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For more information, contact Robert D. Anderson
PO Box 7669, Tempe, AZ 85281-0023
Phone: 480.839.9174 E-mail: email@example.com
Biomechanics Analysis specializes in traffic accident reconstruction and biomechanical engineering to address collision severity, occupant motions, injury mechanics, potential for injury and restraint use and effectiveness. We have conducted and/or participated in hundreds crash tests and demonstrations with instrumented vehicles, humans and anthropomorphic test devices (ATDs) or dummies. The results of some of the tests have been published with the Society of Automotive Engineers, Accident Reconstruction Journal, the American Academy of Forensic Sciences, and Collision the International Compendium for Crash Research.
Professional activities include,
CDR/EDR: The vast majority of modern automobiles collect crash related data including Delta V's, seat belt use, passenger seat occupancy, pre-impact speed, throttle, brake on/off and steering, etc. There can be no question that such electronic evidence can be an important part of a situationally complete accident reconstruction and/or biomechanical evaluation. It is estimated that the available CDR/EDR tools cover nearly 95% of the automobiles sold in the United States since 2013 when 49CFR573 was enacted. Currently, only Porsche and Ferrari do not have EDR capability in their automobiles.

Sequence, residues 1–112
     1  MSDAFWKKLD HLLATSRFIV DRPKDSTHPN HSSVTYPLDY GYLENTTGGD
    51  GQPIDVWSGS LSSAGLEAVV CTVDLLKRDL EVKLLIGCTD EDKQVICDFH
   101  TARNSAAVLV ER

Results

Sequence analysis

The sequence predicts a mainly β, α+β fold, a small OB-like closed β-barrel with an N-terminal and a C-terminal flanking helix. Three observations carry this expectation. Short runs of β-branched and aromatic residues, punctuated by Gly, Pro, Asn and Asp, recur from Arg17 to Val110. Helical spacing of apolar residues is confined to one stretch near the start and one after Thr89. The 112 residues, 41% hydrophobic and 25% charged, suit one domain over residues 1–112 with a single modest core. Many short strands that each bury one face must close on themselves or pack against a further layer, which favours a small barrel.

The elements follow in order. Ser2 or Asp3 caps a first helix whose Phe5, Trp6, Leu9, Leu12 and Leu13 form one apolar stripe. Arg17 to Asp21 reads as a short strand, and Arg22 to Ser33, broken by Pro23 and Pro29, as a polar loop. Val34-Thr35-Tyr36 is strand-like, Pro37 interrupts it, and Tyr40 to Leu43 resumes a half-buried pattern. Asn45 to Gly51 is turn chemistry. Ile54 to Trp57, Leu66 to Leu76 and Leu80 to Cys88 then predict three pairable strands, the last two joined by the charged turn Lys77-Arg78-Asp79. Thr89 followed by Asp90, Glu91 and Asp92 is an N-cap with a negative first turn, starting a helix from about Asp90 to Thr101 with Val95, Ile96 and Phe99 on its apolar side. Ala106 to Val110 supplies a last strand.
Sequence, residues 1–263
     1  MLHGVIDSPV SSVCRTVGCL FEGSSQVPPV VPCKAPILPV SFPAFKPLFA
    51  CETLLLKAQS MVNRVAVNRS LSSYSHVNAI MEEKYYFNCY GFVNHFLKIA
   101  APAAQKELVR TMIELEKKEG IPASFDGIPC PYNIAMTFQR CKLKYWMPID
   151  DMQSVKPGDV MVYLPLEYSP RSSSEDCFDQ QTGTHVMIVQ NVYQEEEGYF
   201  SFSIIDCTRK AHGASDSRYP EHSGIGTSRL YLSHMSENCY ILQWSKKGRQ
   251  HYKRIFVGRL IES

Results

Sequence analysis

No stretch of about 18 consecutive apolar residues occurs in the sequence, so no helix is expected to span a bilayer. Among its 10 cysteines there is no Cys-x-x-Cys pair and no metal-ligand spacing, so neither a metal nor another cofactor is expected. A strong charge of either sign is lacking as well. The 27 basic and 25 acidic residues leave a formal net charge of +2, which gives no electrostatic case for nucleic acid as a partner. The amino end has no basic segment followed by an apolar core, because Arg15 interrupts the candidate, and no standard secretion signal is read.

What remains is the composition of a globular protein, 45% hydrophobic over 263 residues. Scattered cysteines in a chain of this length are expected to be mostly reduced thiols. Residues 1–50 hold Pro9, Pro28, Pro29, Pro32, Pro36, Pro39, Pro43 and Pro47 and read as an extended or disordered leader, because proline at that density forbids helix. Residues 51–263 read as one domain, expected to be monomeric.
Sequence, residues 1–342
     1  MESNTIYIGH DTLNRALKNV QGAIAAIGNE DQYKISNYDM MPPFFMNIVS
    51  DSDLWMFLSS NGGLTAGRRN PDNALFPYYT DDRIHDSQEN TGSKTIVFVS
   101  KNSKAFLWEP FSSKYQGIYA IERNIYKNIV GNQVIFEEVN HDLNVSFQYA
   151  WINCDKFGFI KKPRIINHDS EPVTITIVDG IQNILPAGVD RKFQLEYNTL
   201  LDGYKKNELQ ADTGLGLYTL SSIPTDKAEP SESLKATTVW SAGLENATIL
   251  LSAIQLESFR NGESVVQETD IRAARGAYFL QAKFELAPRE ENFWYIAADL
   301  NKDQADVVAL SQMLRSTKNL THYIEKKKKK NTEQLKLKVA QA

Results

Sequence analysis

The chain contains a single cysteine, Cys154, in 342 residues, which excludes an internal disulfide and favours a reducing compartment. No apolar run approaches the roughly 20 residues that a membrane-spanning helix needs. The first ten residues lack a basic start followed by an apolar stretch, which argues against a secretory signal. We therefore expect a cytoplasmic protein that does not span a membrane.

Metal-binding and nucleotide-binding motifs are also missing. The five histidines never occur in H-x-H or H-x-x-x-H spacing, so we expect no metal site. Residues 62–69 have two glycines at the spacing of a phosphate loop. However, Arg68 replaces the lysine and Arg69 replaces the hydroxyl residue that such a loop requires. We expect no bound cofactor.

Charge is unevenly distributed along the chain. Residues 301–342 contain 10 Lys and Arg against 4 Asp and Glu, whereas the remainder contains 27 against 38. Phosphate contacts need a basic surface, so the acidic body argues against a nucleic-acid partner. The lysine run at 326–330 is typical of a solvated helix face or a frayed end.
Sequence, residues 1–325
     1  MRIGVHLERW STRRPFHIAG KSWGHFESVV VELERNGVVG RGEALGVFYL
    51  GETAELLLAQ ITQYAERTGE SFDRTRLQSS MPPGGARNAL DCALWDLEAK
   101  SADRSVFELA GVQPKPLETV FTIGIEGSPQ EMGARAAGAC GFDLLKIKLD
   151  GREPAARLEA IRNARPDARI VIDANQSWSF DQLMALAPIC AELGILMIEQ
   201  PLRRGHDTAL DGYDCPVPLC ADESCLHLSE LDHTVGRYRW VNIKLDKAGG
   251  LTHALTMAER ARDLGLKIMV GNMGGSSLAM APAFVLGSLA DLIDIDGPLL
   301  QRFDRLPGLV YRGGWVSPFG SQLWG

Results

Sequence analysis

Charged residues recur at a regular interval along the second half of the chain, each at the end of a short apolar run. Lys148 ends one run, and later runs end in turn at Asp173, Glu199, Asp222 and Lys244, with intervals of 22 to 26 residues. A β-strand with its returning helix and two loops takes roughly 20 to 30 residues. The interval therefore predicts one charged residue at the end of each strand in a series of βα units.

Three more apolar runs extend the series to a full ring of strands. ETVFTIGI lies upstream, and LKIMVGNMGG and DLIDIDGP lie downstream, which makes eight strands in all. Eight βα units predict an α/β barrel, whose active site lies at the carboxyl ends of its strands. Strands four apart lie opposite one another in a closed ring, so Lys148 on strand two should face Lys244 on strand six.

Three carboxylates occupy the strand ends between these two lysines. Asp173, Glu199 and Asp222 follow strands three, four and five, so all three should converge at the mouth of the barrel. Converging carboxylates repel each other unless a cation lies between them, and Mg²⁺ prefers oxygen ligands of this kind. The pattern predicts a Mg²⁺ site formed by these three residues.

The Bosch CDR tool can be used to obtain a copy of the electronic evidence stored in automobiles' airbag control modules (ACM's) for most of the vehicles on the road in the United States. It is estimated that the Bosch CDR tool can be used to download 84% of the automobiles sold since 2013, including Toyota, Lexus, Scion, Chevrolet, Buick, GMC, Cadillac, Pontiac, Saturn, Dodge, Jeep, Chrysler, Ford, Lincoln, Mercury, Honda, Acura, Nissan, Infiniti, Mazda, Subaru and others.
Manufacturer tools allow access to the available electronic evidence in the other approximate 10% of automobiles sold in the US since 2013 consisting of Hyundai & Kia (9%) , Mitsubishi (0.4%), Land Rover & Jaguar (0.4%).
Automobiles typically record crash related data for both non-deployment (not locked) and deployment events (locked). Most non-deployment events are stored until replaced by subsequent non-deployment events, and most vehicles are capable of storing multiple events. Only early GM vehicles (Chevrolet, GMC, Pontiac, Buick, Cadillac, Saturn, Hummer, etc.) erased non-deployment events after a number of key cycles if the vehicle was driven for some number of key on/off cycles post crash.